Serpentine Belt Tool DIY
Found a post from someone else on how to make a serpentine belt tool. For a 1.99$ get a pipe cap, grind it with a metal grinder ( duh 😀 ) and then drill a hole through the thread area and use a metal bar to give it some force, I used a big drill bit i had around my garage. It worked just fine. Thanks to the person who came up with this idea, just thought I would spread it and save you 30 dollars as someone else did to me.
Fixing Up 99 S70 T5
MVS member Auburn T5 goes bananas on fixing up a 1998 Volvo S70 T5. Stage 0, new transmission, new struts, shocks and springs, you name it. Documented with photos too. Did a lot of stage zero work – inspected vacuum lines, changed oil filter, fuel filter, top motor mount, k&N panel filter, timing belt, water […]
Engine oil cooler line replacement DIY
MVS Forums Contributor Jason (jreed) blasts out a beautiful, detailed, downloadable DIY on replacing oil cooler lines on a Volvo 850. This DIY is likely applicable for any Volvo P80 model. “The lower cooler line (lower = the one that goes to the lower inlet on the radiator) had developed a very slow leak at the […]
XC90 Wet Carpet
MVS Forums member VFLXC90 had a wet carpet disaster in his XC90. This is how he tracked it down and fixed it. The XC 90 had wet carpet this summer. I youtubed the sunroof drain fix. The drains were clear? The carpet was soaked. When I ran the A/C the condensation wasn’t dripping out under […]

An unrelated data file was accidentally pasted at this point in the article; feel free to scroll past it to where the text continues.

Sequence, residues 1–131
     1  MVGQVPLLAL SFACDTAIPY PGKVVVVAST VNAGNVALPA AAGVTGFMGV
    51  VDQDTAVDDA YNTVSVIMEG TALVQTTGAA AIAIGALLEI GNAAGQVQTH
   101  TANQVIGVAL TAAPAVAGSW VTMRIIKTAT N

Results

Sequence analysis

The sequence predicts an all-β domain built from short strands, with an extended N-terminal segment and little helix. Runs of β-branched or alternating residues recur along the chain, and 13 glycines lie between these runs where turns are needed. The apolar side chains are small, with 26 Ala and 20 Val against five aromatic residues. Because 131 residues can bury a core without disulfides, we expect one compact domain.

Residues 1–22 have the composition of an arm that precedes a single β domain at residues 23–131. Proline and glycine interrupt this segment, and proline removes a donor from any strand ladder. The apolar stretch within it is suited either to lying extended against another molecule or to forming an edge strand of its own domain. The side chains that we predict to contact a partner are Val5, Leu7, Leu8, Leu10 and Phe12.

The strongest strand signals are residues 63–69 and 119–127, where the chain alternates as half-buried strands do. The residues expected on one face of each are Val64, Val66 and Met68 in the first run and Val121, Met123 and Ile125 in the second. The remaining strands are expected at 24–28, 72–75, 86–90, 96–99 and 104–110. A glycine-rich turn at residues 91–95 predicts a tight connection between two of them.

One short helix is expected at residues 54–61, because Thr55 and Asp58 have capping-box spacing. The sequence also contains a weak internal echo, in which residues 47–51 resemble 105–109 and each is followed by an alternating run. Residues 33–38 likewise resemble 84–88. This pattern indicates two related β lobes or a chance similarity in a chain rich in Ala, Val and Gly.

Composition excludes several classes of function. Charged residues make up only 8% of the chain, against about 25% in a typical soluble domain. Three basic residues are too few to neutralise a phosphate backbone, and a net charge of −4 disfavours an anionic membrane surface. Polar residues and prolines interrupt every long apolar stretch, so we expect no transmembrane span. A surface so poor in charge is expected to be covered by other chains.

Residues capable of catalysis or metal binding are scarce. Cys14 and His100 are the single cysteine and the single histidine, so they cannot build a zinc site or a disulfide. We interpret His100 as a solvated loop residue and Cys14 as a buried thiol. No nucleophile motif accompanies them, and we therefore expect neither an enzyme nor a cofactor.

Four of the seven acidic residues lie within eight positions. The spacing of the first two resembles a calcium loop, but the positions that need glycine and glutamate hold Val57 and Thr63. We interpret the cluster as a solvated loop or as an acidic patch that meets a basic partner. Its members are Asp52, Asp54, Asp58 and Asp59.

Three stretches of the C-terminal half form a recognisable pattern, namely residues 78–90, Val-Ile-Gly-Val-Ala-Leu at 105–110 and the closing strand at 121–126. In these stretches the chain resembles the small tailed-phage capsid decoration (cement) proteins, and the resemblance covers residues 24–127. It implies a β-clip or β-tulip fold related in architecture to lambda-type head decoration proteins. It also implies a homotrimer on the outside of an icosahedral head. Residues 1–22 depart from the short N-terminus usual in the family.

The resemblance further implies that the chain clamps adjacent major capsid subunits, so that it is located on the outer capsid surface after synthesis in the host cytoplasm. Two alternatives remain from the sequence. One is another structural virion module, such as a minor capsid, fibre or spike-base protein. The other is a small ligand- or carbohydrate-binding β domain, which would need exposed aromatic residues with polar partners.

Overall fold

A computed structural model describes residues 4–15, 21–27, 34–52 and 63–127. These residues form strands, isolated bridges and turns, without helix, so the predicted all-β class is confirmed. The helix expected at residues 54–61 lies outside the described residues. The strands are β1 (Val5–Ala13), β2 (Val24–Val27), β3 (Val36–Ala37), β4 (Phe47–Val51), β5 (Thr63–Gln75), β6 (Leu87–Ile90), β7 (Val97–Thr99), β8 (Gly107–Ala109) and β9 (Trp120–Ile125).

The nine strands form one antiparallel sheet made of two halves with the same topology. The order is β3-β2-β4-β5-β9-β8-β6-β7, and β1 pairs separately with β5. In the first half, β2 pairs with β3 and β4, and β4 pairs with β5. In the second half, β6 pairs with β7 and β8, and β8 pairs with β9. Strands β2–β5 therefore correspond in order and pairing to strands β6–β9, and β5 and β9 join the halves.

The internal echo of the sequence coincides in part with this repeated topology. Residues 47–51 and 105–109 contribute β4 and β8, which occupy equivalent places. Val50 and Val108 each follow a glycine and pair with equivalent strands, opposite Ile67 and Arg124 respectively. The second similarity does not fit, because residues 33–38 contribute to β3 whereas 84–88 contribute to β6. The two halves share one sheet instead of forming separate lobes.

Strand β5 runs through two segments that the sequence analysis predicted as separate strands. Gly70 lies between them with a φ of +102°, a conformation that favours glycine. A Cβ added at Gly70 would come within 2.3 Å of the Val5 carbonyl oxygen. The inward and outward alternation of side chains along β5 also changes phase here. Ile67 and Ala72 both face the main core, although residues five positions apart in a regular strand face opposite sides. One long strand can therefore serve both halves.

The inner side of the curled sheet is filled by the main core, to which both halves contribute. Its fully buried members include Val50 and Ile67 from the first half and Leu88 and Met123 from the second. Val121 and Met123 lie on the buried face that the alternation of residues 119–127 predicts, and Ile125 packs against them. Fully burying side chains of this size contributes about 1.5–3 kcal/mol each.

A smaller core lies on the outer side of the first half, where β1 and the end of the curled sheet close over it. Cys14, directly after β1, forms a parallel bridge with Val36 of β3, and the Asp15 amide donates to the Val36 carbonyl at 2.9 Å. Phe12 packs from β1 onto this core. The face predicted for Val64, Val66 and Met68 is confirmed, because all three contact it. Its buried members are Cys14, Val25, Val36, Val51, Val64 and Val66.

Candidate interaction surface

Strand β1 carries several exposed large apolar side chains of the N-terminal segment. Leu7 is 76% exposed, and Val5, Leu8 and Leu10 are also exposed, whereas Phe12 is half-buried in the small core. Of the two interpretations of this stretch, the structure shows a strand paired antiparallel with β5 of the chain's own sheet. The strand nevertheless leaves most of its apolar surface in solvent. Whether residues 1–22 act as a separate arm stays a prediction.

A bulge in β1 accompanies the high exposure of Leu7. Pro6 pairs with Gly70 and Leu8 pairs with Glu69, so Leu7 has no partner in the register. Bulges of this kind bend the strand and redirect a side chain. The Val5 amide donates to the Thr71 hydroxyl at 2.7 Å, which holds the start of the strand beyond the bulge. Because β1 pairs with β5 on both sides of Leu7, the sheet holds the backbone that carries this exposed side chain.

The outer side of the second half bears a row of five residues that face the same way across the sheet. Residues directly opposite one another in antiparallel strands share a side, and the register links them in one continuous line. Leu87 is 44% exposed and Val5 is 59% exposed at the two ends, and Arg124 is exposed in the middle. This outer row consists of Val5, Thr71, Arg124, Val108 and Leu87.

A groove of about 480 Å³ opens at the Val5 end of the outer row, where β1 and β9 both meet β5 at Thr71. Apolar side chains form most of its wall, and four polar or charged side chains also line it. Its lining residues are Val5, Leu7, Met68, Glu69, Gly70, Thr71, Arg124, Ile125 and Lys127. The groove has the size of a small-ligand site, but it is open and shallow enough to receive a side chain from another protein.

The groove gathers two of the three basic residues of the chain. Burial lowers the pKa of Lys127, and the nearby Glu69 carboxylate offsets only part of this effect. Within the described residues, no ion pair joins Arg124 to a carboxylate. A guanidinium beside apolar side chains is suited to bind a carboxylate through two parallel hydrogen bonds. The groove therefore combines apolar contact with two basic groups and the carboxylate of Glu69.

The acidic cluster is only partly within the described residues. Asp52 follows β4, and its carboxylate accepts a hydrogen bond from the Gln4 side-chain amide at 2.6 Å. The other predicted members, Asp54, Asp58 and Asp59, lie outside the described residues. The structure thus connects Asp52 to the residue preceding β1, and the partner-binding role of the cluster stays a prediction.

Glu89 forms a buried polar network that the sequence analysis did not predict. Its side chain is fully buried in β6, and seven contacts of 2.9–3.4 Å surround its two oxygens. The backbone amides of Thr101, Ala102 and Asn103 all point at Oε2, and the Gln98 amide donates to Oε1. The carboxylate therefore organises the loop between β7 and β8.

98 V70 T5 Replacing the Coolant Hoses in Pics
You’ll want to remove your air cleaner box and also the duct pointing to the front part of the car. The air cleaner is set in with some tabs into a rubber retainer. Just pull up and to the passenger side to get it out. There were a few connections that need to be removed as well. Finally, tie the accordion air duct out of the way so that you’ll have a clear view. They are already out in this picture. I just highlighted where these parts used to be. It really opens up the area.
Standing on the driver side, you can look are clearly see the large hose (lower radiator hose) where it connects to the neck into the engine block. You can also see where the heater hoses go into the firewall. The Lower radiator hose is not too hard to access at this point. Loosen the clamp (above the yellow arrow in the picture) and pull it off. The other end is on the bottom of the radiator on the driver side. You’ll have to remove the lower engine cover plastic to get access to that.